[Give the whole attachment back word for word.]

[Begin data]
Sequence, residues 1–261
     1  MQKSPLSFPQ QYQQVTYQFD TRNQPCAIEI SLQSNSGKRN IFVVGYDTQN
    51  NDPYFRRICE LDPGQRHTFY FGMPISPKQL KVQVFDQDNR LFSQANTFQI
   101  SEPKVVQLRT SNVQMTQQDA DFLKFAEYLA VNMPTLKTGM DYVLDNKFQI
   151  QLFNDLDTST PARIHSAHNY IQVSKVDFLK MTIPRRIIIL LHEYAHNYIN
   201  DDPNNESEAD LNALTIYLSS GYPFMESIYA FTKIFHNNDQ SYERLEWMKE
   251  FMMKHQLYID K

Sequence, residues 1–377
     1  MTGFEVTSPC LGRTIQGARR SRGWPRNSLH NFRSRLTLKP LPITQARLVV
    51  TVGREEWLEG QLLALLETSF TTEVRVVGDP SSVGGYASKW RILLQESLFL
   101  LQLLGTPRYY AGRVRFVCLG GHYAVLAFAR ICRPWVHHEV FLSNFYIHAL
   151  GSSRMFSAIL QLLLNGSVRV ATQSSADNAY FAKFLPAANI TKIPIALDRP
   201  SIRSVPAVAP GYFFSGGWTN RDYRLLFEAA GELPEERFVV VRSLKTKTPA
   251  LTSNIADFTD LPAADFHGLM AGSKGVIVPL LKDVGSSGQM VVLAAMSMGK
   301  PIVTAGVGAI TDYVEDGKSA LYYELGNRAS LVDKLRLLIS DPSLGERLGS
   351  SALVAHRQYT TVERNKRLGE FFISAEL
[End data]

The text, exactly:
Sequence, residues 1–261
     1  MQKSPLSFPQ QYQQVTYQFD TRNQPCAIEI SLQSNSGKRN IFVVGYDTQN
    51  NDPYFRRICE LDPGQRHTFY FGMPISPKQL KVQVFDQDNR LFSQANTFQI
   101  SEPKVVQLRT SNVQMTQQDA DFLKFAEYLA VNMPTLKTGM DYVLDNKFQI
   151  QLFNDLDTST PARIHSAHNY IQVSKVDFLK MTIPRRIIIL LHEYAHNYIN
   201  DDPNNESEAD LNALTIYLSS GYPFMESIYA FTKIFHNNDQ SYERLEWMKE
   251  FMMKHQLYID K

Sequence, residues 1–377
     1  MTGFEVTSPC LGRTIQGARR SRGWPRNSLH NFRSRLTLKP LPITQARLVV
    51  TVGREEWLEG QLLALLETSF TTEVRVVGDP SSVGGYASKW RILLQESLFL
   101  LQLLGTPRYY AGRVRFVCLG GHYAVLAFAR ICRPWVHHEV FLSNFYIHAL
   151  GSSRMFSAIL QLLLNGSVRV ATQSSADNAY FAKFLPAANI TKIPIALDRP
   201  SIRSVPAVAP GYFFSGGWTN RDYRLLFEAA GELPEERFVV VRSLKTKTPA
   251  LTSNIADFTD LPAADFHGLM AGSKGVIVPL LKDVGSSGQM VVLAAMSMGK
   301  PIVTAGVGAI TDYVEDGKSA LYYELGNRAS LVDKLRLLIS DPSLGERLGS
   351  SALVAHRQYT TVERNKRLGE FFISAEL